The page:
Angie's LIST Guide to
Mailbox repair

Mailbox options range from curbside and wall-mounted boxes to post-office boxes. Mailbox service providers install boxes and perform repairs. Care for your mail by creating a vandal-resistant box.
 

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Mailbox repair pros, as well as handymen and general contractors, can fix or replace mailboxes and support systems. (Photo courtesy of Angie's List member Erik H.)
Mailbox repair pros, as well as handymen and general contractors, can fix or replace mailboxes and support systems. (Photo courtesy of Angie's List member Erik H.)
 
 

Mailbox types

Mailboxes come in all shapes and sizes and include curbside boxes, wall mounts, mail slots and lock and key boxes.

Curbside

Curbside or post-mounted mailboxes are on the side of the road and generally appear in rural and suburban locations.

Wall-mounted

Wall-mounted mailboxes are common in urban areas; the box mounts by the front door of a home, and the postal worker deposits the mail inside.

Slots

Mail slots are an opening in the front door. The postal worker places mail into the slot so it falls to the floor inside.

Lock and key

Post-office boxes are examples of lock and key mailboxes. Businesses often use these secure boxes, as do people who want a stable private address. Boxes can be rented from post offices on a month-to-month or annual basis.

Wall-mounted and curbside boxes also have lockable versions. Apartments often have wall mount clusters in the lobby of the building. Each apartment has a secure box within the cluster.

A variation on this design is the neighborhood cluster for homeowners. Some U.S. neighborhoods have pedestal cluster boxes where each homeowner on the street receives mail to a particular box within the grouping. Neighborhood clusters are often at the side of the road.

Mailbox regulations

The United States Postal Service outlines rules and regulations for mailboxes in the publication DMM 508. Rules include:

  • Homeowners with curbside mailboxes must follow requirements on the height, distance from the curb and other details, as specified in Section 3.2 of DMM 508.
  • Homeowners with a door slot must abide by Section 2.1.6 of DMM 508. One regulation is that the bottom of the slot be 30 inches or more above the finished floor line.

Other mailbox regulations exist in neighborhoods that have homeowner associations. The committee determines the type of letterboxes that can be allowed in the residential subdivision and mount specifications. A homeowner association ensures the boxes have curb appeal to keep resale value high in the neighborhood.

Service providers

Mailbox repair service providers install, repair and replace mailboxes and the support systems of metal, wood, brick and other durable materials. General contractors and handymen can also provide mailbox services. You might also consider hiring a mason to surround a mailbox in bricks to add style and deter vandals.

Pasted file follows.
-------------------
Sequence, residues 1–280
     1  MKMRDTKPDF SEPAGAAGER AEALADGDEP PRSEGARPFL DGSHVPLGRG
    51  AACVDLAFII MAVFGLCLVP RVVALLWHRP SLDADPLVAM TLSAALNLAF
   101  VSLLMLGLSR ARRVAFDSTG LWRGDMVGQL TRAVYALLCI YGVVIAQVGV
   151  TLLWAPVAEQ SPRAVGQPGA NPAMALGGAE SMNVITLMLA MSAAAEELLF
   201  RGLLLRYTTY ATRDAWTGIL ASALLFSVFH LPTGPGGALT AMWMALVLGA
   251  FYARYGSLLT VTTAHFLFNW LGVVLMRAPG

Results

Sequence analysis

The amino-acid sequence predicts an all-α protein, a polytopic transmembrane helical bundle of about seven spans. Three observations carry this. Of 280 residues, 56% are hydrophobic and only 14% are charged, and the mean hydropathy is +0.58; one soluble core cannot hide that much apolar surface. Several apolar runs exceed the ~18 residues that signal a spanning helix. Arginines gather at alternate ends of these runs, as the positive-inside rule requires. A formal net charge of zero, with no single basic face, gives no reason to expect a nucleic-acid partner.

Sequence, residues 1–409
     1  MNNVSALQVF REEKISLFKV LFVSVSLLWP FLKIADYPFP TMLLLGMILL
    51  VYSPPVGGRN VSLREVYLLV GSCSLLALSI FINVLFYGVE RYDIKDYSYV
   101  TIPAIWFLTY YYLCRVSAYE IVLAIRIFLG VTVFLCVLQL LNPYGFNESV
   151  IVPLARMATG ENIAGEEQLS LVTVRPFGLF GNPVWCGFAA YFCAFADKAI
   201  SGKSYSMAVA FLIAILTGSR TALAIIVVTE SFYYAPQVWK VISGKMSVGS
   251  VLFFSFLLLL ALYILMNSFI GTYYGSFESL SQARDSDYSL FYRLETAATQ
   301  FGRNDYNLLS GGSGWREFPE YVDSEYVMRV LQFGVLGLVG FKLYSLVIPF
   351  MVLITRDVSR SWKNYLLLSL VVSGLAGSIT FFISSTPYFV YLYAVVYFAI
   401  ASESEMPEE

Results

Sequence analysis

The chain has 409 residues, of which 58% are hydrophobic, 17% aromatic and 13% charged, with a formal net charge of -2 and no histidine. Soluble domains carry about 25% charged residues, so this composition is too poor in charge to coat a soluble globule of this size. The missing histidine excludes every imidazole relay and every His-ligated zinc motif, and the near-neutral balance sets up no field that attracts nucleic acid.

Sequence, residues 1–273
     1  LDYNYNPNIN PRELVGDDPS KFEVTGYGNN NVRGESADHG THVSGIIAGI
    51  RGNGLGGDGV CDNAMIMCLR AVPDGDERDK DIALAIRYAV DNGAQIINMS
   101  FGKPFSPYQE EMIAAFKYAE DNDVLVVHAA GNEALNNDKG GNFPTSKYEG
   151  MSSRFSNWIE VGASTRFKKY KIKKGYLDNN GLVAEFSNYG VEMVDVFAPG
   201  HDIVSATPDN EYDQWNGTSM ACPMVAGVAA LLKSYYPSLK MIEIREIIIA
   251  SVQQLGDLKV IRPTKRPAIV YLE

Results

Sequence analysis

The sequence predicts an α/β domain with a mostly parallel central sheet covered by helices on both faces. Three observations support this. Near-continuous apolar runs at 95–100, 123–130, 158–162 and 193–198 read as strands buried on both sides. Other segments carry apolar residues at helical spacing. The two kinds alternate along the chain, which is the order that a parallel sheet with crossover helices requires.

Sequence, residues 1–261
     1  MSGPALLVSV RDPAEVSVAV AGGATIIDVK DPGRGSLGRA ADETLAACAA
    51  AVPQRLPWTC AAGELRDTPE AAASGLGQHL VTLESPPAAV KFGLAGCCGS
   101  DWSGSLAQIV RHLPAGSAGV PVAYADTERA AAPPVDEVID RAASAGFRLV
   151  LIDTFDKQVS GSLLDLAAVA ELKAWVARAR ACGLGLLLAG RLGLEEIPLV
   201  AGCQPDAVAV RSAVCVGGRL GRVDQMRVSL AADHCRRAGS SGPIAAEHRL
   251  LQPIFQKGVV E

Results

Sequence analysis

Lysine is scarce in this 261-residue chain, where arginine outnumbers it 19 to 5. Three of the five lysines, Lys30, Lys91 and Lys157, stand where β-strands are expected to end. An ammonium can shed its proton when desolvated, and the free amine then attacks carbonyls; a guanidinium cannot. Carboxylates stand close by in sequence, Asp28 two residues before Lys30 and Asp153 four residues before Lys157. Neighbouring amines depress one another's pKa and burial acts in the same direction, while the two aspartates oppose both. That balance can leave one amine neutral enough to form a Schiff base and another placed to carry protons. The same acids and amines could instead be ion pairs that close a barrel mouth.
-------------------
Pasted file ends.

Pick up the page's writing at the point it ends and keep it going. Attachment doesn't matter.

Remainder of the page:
Consider how Angie's List can help. Members have access to local consumer reviews on mailbox repair pros, handymen, general contractors and service providers in more than 500 other categories.

Vandal-resistant mailboxes

Mailboxes are often targets of vandalism. To reduce the need for repair or replacement, consider a box made of steel or durable molded plastic. For a curbside letterbox, use a strong material, such as metal, for the support system.

For a wall-mounted letterbox, hire a mason to surround the mailbox in bricks. Another step in deterring vandals is to obtain what's called a Label 33 from the Postal Inspection Service. It warns that willful damage to mailboxes and theft of mail are crimes.

Mailbox maintenance

Tips for keeping your mailbox in good condition:

  • Conduct periodic inspections to keep up on necessary repairs. Make sure the door opens easily and stays closed when shut. Be sure the red flag stays up and that the post is secured firmly in the ground.
  • For any outdoor mailbox, look for insect nests and remove any you see. Trim the grass below the box to deter bugs.
  • Prevent mildew by washing the letterbox regularly. Combine disinfectant product with one gallon of warm water in a bucket. Wearing gloves, clean the fixture using a scrub brush or sponge. Rinse off with a garden hose.
  • Make sure any stick-on numbers are securely affixed. Replace with new numbers so the mail carrier can see the address clearly. Use a wet cloth to clean the box exterior before applying new numbers. Remove remaining sticker material with a small knife. Add numbers to each side of the mailbox. Smooth each letter from the center out to remove air bubbles.

Comments

I need a company that sell and install steel curbside mailboxes.. ASAP

I have a curbside mailbox already, I need to find an installer
to install it.
In Houston, Texas area, zip code 77074

Thanks in advance!

Our brick mailbox was hit yesterday, dislodged from its small concrete slab and broke in half. We need someone to either repair or replace it ASAP. Thanks

I have a new curbside mailbox. Looking for someone to remove the existing mailbox and install the new mailbox. In Oakland, CA 94605 area.

I have a new steel black mailbox. However I have no clip on the door. The door will stay shut but I need the clip or handle to open it with. Please help. Thanks, Shirley Heim

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